By Penny Colman
With three minor exceptions, the titles of my sixteen books are the ones I originally proposed.
In A Woman Unafraid: The Achievements of Frances Perkins (Atheneum, 1993), “Not Afraid” was changed to “Unafraid” (the designer said it fit better on the cover).
“The” was changed to “A” in Toilets, Bathtubs, Sinks and Sewers: A History of the Bathroom (Atheneum, 1994)(my editor thought “The” was presumptuous).
Given that track record, the title of my new book—Elizabeth Cady Stanton and Susan B. Anthony: A Friendship That Changed the World (Henry Holt, 2011)—had a mind of it’s own; at least that’s how it seemed to me.
My original title for this book about the legendary friendship between Elizabeth Cady Stanton and Susan B. Anthony and their fierce fight for women’s rights was “I Forged the Thunderbolts, She Fired Them: Elizabeth Cady Stanton and Susan B. Anthony, a Biography of a Powerful Friendship.”
The main title is a quotation by Elizabeth Cady Stanton that describes the dichotomous way that their friendship was and still is typically characterized. But as I immersed myself in my research, I realized that that quote oversimplified the complexity of their friendship. I also began to wonder if perhaps Elizabeth and Susan, both brilliant strategists, perpetuated the notion that one excelled at this and the other at that as a way to legitimate their closeness.
Those realizations prompted me to rethink the title. So what were they about?
“Stirring up the world,” according to Susan, a sentiment that Elizabeth also echoed. That then became the new title: “Stirring Up the World: Elizabeth Cady Stanton and Susan B. Anthony, a Biography of a Powerful Friendship.”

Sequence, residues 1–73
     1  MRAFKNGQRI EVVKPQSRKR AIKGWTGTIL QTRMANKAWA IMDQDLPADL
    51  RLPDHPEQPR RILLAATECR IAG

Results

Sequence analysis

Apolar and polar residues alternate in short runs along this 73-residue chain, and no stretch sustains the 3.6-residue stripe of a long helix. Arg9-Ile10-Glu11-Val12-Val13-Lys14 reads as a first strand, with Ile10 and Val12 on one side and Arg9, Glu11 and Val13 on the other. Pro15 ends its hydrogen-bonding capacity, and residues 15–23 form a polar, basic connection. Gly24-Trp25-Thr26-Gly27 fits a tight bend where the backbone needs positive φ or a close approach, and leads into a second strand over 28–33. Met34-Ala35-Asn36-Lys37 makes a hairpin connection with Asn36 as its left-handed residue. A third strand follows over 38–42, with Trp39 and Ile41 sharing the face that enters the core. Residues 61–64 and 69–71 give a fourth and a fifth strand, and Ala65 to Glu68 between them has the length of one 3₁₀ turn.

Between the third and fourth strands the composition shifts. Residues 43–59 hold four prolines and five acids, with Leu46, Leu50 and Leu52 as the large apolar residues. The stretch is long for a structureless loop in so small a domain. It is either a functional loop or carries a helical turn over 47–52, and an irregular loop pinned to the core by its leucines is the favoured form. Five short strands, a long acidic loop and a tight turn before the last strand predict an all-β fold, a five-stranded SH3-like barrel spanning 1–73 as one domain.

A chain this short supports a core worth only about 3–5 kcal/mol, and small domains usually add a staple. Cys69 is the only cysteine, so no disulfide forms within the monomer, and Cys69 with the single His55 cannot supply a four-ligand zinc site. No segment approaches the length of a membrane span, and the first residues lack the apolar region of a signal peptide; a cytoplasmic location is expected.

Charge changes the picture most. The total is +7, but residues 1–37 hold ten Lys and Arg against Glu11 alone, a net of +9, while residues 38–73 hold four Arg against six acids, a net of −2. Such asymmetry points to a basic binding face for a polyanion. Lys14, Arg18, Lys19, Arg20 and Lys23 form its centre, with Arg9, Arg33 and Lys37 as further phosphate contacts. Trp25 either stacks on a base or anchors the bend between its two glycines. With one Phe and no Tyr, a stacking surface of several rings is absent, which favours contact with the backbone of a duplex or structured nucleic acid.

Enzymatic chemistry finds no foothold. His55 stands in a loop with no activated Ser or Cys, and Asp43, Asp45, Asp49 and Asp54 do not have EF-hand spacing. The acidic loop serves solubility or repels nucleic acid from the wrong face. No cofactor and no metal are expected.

For several years, it remained the title, which I affectionately shortened to “Stirring,” whenever I talked to the graduate students in the classes I taught at Queens College, the City University of New York, about doing research and writing about Elizabeth Cady Stanton and Susan B. Anthony and their fifty-one-year friendship that fueled and sustained the nineteenth-century fight for women’s rights.
Then one day, as I was about to finish the manuscript, the thought occurred to me that they did more than stir up things—they changed history.
And with that insight, this title spontaneously popped up: Elizabeth Cady Stanton & Susan B. Anthony: A Friendship That Changed History. I emailed my editor, who liked it very much and agreed to use it.
But the title wasn’t done yet, for as I reviewed the first pass pages, I noticed two changes: the word “and” replaced the ampersand and “history” was replaced by “world.”
Replacing the ampersand was okay, but, whoa, I thought, how did “world” get inserted?
My editor didn’t know, but said it was up to me whether or not to keep it.
And I did because it is true. Elizabeth Cady Stanton and Susan B. Anthony did change the world; besides who was I to argue with a title that clearly had a mind of its own.
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